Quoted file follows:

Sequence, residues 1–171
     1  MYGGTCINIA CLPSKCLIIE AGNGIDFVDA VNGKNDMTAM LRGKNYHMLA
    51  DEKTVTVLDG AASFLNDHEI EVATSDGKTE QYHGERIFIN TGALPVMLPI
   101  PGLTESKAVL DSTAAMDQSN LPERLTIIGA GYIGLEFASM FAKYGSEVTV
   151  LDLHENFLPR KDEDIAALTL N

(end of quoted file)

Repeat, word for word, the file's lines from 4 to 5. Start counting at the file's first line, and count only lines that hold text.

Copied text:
   101  PGLTESKAVL DSTAAMDQSN LPERLTIIGA GYIGLEFASM FAKYGSEVTV
   151  LDLHENFLPR KDEDIAALTL N